SpaceX advances drive for Mars rocket via Raptor power | NASASpaceFlight.comSpaceX Co-Founder and Vice President of Propulsion Development Tom Mueller has revealed the company is deep into the development of the first “full flow methane-liquid oxygen” rocket engine. Known as the Raptor, nine of these immensely powerful engines – one or three cores – will be utilized to send SpaceX’s Super Heavy Lift Launch Vehicle (SHLV) uphill on missions to Mars.
Looks like the current goals for this new Raptor methane/LOX engine are:
- ~1 million pounds-force of thrust (~7x as much as the current Merlin 1D kerosene/LOX engine, and about 2x as much as the hydrogen/LOX Space Shuttle Main Engine)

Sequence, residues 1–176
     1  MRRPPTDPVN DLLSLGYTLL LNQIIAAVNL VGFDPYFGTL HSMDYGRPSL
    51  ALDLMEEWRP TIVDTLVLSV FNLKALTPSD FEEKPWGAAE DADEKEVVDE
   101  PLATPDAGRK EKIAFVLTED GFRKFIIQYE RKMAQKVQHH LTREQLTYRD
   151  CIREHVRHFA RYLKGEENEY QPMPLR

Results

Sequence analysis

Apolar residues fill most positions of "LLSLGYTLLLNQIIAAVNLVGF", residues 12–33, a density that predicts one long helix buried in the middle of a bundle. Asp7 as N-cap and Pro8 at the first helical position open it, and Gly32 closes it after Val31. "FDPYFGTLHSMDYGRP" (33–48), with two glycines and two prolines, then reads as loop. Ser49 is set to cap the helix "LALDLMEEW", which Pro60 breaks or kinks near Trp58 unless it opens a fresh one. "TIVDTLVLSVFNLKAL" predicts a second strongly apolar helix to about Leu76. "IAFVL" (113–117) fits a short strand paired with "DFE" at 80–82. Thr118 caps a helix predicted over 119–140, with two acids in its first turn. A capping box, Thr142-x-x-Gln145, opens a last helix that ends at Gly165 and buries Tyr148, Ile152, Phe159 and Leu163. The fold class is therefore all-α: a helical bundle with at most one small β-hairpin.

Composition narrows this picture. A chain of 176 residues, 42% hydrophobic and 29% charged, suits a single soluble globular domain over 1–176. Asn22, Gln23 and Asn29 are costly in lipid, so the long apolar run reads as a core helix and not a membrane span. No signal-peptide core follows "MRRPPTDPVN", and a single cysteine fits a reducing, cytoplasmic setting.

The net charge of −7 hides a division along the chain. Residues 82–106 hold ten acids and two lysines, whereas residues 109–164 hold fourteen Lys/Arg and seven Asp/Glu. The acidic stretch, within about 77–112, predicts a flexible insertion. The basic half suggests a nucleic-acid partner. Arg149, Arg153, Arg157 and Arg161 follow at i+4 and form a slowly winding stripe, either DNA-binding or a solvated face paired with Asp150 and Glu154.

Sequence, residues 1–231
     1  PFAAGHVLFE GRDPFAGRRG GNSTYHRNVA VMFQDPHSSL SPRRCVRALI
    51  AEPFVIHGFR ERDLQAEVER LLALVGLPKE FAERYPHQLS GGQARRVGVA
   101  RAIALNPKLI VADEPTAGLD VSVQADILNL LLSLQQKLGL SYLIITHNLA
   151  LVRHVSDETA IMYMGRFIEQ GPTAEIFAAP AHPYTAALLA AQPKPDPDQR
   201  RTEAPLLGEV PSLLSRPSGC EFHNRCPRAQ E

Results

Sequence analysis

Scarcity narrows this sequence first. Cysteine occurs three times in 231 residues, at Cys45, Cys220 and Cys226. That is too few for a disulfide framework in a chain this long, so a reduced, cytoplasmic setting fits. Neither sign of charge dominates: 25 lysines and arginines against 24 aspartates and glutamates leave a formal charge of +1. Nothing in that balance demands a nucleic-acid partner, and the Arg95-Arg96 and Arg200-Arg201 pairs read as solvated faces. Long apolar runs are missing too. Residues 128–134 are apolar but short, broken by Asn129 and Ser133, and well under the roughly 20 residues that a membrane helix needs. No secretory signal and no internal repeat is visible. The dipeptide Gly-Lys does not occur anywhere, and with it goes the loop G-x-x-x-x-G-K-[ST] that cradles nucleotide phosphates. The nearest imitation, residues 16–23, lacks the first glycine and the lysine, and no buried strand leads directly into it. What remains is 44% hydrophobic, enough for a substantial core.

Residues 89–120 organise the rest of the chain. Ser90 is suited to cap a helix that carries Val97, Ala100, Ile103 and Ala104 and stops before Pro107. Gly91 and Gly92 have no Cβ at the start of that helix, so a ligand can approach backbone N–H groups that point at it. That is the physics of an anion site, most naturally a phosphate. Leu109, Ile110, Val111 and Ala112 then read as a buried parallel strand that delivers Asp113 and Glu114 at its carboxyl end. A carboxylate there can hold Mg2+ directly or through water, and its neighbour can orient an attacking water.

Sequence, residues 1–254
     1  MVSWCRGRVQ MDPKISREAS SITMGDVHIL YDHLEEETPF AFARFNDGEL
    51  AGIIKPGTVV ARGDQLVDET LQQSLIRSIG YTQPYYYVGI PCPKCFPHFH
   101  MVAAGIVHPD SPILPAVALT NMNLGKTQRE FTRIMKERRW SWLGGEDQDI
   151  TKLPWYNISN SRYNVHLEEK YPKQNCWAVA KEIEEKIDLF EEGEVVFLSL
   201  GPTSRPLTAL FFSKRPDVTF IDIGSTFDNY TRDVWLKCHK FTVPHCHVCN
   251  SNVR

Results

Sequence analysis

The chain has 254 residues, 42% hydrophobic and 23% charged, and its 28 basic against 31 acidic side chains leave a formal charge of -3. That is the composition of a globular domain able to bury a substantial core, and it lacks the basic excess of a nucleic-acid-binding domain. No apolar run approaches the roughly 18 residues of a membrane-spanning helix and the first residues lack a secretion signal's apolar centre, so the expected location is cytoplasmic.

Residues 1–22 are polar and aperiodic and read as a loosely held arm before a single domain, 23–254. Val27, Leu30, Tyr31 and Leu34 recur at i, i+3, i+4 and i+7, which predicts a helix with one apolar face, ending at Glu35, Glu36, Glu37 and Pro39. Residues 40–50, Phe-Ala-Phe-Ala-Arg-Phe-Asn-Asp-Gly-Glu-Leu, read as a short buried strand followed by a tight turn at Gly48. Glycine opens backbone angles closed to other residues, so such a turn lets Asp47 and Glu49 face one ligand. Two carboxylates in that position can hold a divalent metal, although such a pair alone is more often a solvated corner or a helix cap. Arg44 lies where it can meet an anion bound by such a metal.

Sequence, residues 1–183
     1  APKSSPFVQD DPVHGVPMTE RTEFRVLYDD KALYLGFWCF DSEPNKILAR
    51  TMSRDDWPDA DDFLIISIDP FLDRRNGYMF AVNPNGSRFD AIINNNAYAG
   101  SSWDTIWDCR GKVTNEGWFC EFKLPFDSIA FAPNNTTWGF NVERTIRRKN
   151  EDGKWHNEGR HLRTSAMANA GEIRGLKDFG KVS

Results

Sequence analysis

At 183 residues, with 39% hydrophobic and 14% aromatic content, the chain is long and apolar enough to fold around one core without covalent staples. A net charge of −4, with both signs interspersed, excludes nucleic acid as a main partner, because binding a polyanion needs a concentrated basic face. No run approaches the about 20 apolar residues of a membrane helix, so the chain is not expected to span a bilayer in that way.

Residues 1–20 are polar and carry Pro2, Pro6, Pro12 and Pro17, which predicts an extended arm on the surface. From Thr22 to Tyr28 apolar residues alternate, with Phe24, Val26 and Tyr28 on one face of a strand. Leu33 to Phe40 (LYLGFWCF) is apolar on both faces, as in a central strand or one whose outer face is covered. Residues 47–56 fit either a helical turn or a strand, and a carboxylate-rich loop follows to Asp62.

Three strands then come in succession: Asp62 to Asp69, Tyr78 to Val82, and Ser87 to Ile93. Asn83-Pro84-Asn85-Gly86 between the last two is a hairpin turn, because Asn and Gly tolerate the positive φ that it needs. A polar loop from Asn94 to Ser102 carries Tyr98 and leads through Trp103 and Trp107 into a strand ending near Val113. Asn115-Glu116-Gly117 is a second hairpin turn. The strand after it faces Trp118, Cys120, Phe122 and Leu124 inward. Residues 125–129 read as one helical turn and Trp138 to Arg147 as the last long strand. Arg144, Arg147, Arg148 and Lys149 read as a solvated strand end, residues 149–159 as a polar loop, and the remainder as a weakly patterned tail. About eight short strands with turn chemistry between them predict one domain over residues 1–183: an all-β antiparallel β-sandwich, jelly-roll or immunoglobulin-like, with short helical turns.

- ISP (efficiency) of 321s at sea level and 363s at vacuum (compared to 282s/311s for the Merlin 1D, and 366s/452s for the SSME)
- Use a full-flow staged combustion cycle (as opposed to the current gas-generator cycle for Merlin)
- Use methane as a propellant, which burns cleaner than kerosene, and could theoretically be produced on Mars to fuel a return trip to Earth
The components for this BIG engine are being developed/tested at the NASA Stennis Space Center in Mississippi -- thread and link to article here.
For scale, the thrust goal for this thing is exceeded only by the Saturn V's F1 engine and the four-chambered Russian RD-170 engine. With the plan to put nine Raptor engines on a 30-foot diameter first stage, it would theoretically have more thrust at launch than the Saturn V! Guess that's what you need when you start seriously considering going past the Moon and on to Mars...